Outside of those two moves, the Predators still had a pretty silent summer. Poile locked down his three restricted free agents in Miikka Salomaki, Ryan Hartman, and Juuse Saros. All three of those players took team-friendly deals, especially Saros. Nashville has its future between the pipes locked down for three more years at $1.5 million per season. I know some were looking for Poile to make a bigger move, but I think that sticking with the team he has for now is smart. This roster won the Central Division and the President’s Trophy last season. While an early and disappointing playoff exit had many calling for changes, that seems like a knee-jerk reaction to an off 13 games in the postseason for this team. This team can win big, and they did just that by racking up 117 points in the regular season. It just didn’t quite pan out in the playoffs, and that happens in the NHL.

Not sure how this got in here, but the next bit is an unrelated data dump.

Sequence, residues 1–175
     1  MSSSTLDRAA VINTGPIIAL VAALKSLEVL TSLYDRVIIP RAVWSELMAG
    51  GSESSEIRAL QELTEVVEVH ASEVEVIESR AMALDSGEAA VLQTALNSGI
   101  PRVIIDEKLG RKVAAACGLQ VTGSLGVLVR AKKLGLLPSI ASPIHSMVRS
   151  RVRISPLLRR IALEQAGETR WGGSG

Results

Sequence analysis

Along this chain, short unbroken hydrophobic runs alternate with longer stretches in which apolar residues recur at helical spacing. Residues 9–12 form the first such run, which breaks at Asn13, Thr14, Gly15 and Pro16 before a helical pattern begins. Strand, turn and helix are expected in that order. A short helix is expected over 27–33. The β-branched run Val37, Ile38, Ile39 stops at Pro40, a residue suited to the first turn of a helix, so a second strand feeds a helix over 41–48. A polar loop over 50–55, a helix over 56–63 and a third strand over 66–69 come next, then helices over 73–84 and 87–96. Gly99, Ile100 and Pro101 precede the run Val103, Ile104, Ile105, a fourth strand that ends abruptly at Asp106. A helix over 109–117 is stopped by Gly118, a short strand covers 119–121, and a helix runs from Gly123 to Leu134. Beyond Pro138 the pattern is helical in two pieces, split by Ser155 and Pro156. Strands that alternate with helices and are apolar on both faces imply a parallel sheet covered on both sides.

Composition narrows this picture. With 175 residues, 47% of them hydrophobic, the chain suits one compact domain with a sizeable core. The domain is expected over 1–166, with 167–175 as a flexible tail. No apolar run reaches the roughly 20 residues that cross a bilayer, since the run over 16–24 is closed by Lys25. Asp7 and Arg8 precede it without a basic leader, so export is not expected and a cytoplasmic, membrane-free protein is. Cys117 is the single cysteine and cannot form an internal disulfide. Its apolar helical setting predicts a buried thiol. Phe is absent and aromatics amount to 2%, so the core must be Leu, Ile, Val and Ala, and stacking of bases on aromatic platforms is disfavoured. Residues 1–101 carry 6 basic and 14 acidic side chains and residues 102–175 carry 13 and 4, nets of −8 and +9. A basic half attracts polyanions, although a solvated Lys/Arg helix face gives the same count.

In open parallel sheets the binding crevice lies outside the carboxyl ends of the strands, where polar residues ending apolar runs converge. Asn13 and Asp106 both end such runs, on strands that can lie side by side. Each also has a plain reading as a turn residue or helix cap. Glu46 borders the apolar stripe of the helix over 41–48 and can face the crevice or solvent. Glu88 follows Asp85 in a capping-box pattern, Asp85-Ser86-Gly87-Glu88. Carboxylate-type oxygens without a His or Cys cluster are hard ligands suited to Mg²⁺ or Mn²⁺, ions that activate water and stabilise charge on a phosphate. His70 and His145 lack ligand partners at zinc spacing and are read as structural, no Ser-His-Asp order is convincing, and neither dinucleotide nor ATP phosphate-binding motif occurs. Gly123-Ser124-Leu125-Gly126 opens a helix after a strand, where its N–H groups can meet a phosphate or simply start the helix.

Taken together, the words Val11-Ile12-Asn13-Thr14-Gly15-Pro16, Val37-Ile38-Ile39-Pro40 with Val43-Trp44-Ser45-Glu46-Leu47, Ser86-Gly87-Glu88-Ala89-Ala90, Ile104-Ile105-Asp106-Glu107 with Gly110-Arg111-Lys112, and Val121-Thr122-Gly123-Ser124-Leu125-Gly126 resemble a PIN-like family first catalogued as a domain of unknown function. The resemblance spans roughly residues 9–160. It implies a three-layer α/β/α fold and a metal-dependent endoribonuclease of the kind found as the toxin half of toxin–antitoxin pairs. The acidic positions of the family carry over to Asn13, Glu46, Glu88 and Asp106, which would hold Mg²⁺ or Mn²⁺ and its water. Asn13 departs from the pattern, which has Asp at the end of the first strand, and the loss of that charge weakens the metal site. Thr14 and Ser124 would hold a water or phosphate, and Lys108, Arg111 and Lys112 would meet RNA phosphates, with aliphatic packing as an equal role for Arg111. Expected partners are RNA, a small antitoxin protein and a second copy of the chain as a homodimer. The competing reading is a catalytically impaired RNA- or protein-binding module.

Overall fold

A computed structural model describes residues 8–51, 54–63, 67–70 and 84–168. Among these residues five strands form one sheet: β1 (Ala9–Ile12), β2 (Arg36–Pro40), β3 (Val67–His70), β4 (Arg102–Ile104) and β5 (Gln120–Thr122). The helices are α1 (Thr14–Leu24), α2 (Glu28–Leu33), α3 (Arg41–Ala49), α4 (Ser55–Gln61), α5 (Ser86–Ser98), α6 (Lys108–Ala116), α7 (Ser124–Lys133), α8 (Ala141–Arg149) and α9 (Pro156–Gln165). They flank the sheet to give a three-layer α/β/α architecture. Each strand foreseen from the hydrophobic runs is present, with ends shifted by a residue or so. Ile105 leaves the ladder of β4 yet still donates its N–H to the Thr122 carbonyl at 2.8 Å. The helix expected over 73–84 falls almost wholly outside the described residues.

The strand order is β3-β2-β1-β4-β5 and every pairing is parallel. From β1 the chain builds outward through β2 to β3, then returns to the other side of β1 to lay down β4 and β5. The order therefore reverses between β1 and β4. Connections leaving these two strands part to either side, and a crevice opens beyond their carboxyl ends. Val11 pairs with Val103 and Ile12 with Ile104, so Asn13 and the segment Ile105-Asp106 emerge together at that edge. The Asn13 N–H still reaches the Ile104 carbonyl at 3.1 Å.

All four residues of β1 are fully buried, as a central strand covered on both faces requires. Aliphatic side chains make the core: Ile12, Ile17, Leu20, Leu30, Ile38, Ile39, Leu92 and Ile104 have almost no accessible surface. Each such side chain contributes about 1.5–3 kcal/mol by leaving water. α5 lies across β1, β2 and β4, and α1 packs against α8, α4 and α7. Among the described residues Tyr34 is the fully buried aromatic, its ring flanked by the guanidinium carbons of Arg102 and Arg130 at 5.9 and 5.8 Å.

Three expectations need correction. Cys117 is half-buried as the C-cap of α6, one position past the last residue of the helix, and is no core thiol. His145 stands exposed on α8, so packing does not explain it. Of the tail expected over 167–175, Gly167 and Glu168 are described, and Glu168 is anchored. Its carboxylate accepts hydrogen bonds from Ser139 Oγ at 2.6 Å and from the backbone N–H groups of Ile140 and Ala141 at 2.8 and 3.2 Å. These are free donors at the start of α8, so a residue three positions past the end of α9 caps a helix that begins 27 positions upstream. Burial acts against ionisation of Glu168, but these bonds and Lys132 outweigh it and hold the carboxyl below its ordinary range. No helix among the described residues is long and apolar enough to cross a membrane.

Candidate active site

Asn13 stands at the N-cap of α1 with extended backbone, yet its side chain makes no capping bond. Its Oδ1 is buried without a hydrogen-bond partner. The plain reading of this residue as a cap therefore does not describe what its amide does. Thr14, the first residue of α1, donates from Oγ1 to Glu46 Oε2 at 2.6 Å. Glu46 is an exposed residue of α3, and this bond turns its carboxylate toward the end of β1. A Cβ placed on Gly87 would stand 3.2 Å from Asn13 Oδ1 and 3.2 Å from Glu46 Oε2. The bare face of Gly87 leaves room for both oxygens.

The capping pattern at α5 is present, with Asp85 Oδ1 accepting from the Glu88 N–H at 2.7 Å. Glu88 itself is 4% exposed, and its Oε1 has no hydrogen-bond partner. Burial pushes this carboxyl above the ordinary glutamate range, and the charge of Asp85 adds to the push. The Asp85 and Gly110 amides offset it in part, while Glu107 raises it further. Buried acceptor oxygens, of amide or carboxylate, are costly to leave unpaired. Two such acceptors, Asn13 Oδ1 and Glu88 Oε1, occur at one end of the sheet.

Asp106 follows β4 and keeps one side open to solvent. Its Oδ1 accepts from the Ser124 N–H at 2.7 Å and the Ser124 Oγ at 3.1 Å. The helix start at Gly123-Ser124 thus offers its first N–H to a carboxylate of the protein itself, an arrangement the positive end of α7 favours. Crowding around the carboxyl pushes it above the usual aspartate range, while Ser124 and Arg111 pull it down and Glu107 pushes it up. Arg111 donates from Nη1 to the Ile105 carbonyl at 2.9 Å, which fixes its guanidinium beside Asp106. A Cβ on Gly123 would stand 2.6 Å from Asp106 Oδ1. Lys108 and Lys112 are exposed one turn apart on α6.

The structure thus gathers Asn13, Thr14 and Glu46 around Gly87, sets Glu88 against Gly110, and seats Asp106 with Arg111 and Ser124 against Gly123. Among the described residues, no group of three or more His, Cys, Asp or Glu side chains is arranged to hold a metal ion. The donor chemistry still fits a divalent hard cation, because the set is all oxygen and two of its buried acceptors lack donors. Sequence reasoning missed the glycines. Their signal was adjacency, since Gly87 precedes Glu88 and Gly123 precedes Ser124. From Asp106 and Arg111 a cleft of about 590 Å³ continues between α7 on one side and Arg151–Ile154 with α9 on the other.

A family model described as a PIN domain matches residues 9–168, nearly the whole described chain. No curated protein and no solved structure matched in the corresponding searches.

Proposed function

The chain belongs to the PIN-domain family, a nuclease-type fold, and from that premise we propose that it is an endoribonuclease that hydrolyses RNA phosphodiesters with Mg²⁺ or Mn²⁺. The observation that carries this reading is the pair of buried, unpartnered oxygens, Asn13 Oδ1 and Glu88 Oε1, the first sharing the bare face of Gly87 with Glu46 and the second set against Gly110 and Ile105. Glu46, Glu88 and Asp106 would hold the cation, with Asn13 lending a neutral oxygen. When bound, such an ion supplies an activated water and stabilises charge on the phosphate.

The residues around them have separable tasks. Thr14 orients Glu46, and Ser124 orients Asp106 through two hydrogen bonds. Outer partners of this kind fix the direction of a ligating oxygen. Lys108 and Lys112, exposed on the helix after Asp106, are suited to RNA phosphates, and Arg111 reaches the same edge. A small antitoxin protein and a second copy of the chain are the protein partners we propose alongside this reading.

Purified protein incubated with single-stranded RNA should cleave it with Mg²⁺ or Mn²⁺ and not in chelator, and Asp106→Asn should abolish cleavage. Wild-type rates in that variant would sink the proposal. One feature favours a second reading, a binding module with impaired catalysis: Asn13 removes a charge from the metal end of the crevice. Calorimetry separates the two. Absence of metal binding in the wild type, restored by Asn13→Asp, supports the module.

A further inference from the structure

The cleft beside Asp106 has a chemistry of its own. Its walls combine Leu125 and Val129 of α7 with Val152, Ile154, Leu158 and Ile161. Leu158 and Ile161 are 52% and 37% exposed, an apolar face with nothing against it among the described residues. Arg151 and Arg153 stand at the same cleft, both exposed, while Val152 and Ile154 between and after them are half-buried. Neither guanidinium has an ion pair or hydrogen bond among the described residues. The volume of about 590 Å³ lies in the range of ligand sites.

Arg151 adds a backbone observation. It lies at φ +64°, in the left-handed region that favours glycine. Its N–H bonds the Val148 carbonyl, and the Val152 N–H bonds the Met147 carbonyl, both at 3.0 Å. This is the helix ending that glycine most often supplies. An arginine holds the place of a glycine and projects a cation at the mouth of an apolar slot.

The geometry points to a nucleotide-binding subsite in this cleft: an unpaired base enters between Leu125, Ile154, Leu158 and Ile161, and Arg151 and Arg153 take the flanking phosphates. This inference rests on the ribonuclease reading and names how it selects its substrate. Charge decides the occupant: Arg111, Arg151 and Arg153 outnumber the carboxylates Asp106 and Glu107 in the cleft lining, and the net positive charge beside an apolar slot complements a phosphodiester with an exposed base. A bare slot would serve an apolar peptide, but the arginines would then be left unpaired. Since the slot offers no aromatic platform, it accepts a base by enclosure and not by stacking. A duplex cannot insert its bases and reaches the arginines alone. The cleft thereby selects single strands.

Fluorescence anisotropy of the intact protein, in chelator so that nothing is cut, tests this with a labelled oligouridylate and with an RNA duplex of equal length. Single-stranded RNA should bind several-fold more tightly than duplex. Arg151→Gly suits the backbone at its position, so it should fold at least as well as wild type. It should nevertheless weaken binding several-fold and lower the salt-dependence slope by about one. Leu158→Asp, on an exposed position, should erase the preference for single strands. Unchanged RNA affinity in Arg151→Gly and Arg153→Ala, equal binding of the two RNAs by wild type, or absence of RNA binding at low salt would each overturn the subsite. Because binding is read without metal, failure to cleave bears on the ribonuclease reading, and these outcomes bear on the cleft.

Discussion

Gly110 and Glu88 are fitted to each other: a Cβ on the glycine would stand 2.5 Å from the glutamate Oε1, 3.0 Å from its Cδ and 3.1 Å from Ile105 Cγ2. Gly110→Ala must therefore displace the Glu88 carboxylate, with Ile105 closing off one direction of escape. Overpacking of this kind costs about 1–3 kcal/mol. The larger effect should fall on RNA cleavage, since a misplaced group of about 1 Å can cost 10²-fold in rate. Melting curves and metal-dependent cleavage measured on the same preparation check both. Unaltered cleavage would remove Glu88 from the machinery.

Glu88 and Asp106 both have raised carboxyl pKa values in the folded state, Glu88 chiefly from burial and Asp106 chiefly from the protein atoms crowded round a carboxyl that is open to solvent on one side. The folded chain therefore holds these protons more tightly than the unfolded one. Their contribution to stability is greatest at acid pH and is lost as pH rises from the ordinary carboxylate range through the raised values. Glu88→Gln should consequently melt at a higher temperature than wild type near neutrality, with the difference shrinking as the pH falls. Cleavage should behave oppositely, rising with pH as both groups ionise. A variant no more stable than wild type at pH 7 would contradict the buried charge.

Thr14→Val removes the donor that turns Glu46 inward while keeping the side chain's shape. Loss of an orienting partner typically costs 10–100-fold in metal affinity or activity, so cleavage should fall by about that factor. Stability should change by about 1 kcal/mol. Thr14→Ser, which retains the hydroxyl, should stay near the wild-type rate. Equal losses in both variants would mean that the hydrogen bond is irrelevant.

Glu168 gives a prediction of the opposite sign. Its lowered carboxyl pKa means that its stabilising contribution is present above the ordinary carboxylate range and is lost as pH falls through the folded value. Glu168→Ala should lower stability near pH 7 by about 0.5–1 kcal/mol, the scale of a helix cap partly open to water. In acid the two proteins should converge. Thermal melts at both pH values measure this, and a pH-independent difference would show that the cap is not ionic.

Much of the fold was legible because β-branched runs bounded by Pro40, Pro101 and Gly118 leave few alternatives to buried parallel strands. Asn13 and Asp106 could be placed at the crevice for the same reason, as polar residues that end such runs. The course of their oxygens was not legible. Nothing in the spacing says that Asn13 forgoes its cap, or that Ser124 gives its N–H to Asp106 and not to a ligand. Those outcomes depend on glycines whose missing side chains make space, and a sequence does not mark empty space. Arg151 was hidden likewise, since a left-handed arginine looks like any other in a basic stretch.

Besides, I don’t think there were many moves to be made this offseason. As far as free agency goes, there aren’t many great deals to be found in that arena. $12 million-dollar deals for Leo Komarov and Jay Beagle are evidence of that. The Predators were always, at best, a longshot for John Tavares. He obviously signed with the Maple Leafs, and the only other free agency piece that really interested me was James Neal. Neal ended up signing with the Flames on a five-year deal worth $5.75 million per season. That’s a reasonably priced contract given the year he just had for Vegas, but five years is substantial for a 31-year old. As badly as I would have loved to get the Real Deal back in Nashville, I’m okay with not giving a long-term deal to a player on the wrong side of 30. That said, I still love you Nealer and wish you all the success in the world in Calgary.